If you are using Linux kernel version 3.2+ (or RHEL/CentOS v6.5+ above) you can hide process from other users. Only root can see all process and user only see their own process. All you have to do is remount the /proc filesystem with the Linux kernel hardening hidepid option.
Say hello to hidepid option
This option defines how much info about processes we want to be available for non-owners. The values are as follows:
- hidepid=0 – The old behavior – anybody may read all world-readable /proc/PID/* files (default).
- hidepid=1 – It means users may not access any /proc/
/ directories, but their own. Sensitive files like cmdline, sched*, status are now protected against other users.
- hidepid=2 It means hidepid=1 plus all /proc/PID/ will be invisible to other users. It compicates intruder’s task of gathering info about running processes, whether some daemon runs with elevated privileges, whether another user runs some sensitive program, whether other users run any program at all, etc.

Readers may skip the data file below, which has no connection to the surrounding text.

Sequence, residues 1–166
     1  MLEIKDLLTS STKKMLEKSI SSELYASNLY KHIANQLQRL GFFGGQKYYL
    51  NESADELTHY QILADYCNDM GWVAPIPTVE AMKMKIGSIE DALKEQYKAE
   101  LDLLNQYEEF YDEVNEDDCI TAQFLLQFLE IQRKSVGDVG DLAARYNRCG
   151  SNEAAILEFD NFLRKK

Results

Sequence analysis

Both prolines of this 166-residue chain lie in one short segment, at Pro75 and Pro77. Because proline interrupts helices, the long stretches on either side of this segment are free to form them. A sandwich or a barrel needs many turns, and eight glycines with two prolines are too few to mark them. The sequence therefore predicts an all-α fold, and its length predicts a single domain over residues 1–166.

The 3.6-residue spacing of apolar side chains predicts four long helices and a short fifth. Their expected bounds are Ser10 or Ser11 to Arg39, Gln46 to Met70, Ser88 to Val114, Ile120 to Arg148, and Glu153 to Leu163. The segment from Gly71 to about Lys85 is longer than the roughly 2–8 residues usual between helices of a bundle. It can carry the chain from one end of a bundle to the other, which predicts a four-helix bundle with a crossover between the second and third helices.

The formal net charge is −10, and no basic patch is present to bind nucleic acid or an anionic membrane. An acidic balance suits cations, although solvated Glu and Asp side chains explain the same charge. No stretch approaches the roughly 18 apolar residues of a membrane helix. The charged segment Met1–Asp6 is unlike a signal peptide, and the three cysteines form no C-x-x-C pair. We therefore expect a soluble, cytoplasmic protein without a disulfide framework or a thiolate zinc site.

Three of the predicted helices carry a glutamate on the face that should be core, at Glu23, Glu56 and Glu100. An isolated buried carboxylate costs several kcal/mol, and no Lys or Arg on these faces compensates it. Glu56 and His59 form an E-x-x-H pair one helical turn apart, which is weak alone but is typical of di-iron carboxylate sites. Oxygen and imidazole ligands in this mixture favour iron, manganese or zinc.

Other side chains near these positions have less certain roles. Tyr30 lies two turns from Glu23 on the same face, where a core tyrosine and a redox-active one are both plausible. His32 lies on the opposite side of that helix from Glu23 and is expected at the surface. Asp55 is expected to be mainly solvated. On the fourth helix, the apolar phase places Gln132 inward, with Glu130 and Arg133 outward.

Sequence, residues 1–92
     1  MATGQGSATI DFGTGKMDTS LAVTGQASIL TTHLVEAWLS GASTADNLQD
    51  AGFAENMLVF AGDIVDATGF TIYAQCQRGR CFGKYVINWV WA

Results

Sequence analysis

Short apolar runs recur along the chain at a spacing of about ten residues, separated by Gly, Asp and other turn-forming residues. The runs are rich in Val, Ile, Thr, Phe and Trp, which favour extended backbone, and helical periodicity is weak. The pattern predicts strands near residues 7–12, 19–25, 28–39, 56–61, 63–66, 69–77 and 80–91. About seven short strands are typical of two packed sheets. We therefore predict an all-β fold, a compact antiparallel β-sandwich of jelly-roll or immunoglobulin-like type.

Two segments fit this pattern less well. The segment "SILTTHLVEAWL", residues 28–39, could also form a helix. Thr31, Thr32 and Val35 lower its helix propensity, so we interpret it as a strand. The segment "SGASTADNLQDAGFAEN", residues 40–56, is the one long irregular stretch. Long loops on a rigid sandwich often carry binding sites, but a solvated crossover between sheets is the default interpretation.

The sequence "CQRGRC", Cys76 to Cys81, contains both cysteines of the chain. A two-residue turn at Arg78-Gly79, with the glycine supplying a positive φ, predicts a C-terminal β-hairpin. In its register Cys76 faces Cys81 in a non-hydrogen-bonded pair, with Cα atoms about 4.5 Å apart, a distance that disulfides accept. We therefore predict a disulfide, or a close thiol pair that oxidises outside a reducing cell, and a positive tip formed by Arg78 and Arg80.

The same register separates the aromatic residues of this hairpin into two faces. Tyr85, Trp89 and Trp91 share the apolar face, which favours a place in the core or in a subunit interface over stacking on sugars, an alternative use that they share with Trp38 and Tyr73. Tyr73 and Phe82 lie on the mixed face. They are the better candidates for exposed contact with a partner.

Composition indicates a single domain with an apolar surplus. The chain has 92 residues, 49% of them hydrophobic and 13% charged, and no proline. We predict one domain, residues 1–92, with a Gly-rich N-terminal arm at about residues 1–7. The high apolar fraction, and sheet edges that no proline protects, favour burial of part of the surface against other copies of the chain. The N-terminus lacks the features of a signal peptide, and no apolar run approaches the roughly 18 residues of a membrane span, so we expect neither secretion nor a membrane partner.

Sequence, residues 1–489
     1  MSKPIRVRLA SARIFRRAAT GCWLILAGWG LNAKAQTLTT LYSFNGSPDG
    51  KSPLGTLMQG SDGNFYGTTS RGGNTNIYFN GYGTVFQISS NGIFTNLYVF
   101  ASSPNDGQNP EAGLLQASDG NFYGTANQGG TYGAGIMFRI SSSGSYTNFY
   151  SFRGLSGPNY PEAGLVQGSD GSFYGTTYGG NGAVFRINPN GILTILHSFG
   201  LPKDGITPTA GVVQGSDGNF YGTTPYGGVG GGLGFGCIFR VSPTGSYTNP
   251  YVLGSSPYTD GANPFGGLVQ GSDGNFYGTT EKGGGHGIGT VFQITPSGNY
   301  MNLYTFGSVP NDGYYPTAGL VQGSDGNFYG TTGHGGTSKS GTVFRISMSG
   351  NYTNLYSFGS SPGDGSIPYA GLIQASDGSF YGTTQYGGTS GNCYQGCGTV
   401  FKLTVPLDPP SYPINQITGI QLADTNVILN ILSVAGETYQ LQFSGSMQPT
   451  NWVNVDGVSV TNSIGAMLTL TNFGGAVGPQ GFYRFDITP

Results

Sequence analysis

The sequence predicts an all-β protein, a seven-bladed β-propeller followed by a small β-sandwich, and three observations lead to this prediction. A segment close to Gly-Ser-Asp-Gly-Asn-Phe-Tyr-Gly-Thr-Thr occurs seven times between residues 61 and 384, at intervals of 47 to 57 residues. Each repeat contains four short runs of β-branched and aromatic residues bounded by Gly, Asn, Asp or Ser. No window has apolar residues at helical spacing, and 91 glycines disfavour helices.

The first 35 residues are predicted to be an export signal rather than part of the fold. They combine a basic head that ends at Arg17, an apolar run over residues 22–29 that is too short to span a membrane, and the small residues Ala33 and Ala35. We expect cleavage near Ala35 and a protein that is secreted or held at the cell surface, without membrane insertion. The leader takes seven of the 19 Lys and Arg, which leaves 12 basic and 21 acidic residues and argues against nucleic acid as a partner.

Linux kernel protection: Hiding processes from other users
Type the following mount command:
# mount -o remount,rw,hidepid=2 /proc
Edit /etc/fstab, enter:
# vi /etc/fstab
Update/append/modify proc entry as follows so that protection get enabled automatically at server boot-time:
proc /proc proc defaults,hidepid=2 0 0
Save and close the file.
Linux demo: Prevent users from seeing processes that do not belong to them
Tip: Dealing with apps that breaks when you implement this technique
You need to use gid=VALUE_HERE option:
gid=XXX defines a group that will be able to gather all processes’ info (as in hidepid=0 mode). This group should be used instead of putting nonroot user in sudoers file or something. However, untrusted users (like daemons, etc.) which are not supposed to monitor the tasks in the whole system should not be added to the group.
So add the user called monapp to group (say admin) that want to see process information and mount /proc as follows in /etc/fstab:
proc /proc proc defaults,hidepid=2,gid=admin 0 0